Bloomsbury Professional catch up with PSL and author, Richard Powell.
1. What do you find rewarding about the role of a PSL?
As a PSL you are responsible for supporting fee earners' legal and technical knowledge. That means keeping abreast of a constantly changing legal environment, and financial services changes more than most other sectors. This can be quite demanding but it means that you see law and regulation developing and are constantly having to ask what's the impact on clients and what colleagues need to know to best advise them.
2. What do you think the major challenges of Brexit will be to banking and finance?
The principal challenge at the moment is uncertainty. It's not clear to what degree UK businesses will have access to the Internal Market post-Brexit. This means that firms are having to plan on a worst case scenario. An example, is contract continuity, where firms carrying on regulated activities are asking whether agreements will remain valid or become unenforceable post-Brexit. Absent political agreement between the UK and EU-27, it's vital to develop mitigation strategies and work-arounds.
3. What are the main changes brought about by 4mld/5mld?
There's quite a lot packed into both directives. 4MLD brings the EU's AML framework up to date with international standards, particularly with the Financial Action Task Force's 2012 recommendations. A risk-based approach - that is to the risk posed by money laundering and terrorist financing - should now be central to every business's approach to customer due diligence and ongoing monitoring. Every regulated business will need to identify and assess in writing the risks to which they are subject. Transparency on beneficial ownership is another major change. 4MLD introduced on an EU-wide basis corporate and trust registers of beneficial ownership. 5MLD, a response to the terrorist attacks in Paris and Belgium of late 2015 and the Panama Papers scandal, widens public and industry access to these registers.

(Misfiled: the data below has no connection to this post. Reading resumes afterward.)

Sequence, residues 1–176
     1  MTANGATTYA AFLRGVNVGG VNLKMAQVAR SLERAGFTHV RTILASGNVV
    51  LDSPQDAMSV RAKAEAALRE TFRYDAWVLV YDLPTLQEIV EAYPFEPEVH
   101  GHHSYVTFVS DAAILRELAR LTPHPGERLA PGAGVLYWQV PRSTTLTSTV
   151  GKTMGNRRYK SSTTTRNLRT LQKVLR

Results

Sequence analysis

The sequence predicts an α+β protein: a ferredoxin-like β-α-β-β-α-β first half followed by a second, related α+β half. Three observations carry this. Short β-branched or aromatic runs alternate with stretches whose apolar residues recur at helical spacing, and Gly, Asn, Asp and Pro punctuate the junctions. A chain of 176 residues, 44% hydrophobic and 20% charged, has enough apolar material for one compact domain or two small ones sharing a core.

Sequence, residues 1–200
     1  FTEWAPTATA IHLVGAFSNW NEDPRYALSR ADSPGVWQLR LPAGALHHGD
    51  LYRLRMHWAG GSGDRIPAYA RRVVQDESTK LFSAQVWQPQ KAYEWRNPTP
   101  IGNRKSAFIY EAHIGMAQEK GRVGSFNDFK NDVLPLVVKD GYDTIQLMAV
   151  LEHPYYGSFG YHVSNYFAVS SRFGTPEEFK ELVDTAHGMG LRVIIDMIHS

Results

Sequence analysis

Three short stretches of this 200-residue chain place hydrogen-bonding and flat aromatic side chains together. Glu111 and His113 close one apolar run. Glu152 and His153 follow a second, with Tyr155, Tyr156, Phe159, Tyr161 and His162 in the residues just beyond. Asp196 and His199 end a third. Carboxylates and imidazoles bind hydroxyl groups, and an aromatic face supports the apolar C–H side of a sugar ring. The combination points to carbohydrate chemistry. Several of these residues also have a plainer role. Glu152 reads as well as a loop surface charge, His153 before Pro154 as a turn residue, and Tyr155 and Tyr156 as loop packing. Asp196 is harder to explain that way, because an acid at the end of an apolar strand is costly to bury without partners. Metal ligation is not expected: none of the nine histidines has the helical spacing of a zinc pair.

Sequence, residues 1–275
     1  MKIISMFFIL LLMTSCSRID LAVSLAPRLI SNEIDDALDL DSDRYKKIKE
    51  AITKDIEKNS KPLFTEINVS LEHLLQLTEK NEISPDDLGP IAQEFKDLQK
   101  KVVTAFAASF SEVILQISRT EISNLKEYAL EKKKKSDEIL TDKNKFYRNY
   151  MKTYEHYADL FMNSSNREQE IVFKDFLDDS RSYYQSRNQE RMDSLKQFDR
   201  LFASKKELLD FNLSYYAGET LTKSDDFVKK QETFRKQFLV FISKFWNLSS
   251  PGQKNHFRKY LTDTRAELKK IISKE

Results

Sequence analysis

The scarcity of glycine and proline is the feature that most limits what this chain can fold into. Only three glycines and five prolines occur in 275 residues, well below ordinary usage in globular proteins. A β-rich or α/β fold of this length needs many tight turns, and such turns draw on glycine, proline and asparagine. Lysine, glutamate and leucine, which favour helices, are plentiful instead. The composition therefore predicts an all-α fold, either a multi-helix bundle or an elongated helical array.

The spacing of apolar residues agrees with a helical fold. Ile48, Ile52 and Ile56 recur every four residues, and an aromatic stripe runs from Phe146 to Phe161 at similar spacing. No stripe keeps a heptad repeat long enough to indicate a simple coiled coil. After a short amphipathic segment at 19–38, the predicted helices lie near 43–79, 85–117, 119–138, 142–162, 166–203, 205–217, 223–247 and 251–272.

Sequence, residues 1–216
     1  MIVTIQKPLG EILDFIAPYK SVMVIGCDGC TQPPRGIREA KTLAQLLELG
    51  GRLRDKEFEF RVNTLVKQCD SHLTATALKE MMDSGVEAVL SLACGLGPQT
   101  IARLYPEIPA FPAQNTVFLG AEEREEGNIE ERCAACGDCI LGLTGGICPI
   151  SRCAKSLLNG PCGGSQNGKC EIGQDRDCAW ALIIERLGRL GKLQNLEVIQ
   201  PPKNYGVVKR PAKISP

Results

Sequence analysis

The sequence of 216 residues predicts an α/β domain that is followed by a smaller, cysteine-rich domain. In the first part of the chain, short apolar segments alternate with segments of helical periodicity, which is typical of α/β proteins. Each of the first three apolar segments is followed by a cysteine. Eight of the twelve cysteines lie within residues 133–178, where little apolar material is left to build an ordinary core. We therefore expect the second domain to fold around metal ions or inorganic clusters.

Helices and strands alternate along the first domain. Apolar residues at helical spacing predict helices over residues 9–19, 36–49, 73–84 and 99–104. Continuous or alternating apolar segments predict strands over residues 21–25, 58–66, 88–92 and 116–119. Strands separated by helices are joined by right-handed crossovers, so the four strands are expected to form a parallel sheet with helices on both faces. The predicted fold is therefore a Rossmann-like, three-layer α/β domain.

4. What country do you think has the most effective anti-money laundering regulations and why?
According to the Basel AML Index, Finland has the best/lowest AML risk with a score of 3.04. But that is not say its regime is the most effective. The UK has a higher score of 4.81 (coming 118th out of 146 countries), but as its national risk assessment acknowledges, London's openness and status as a global financial centre exposes it to significantly higher illicit financial flows. Despite the UK having a robust regime, its habit of gold plating (e.g. "DAML" formerly known as the Consent regime) and the multiplicity of supervisors (25) and guidance, leads me to prefer Singapore (another international financial centre), which has a score of 4.83. This regime benefits from a strong emphasis on law and enforcement accompanied by dissuasive penalties.
Richard Powell is one of the editors of the International Guide to Money Laundering Law and Practice.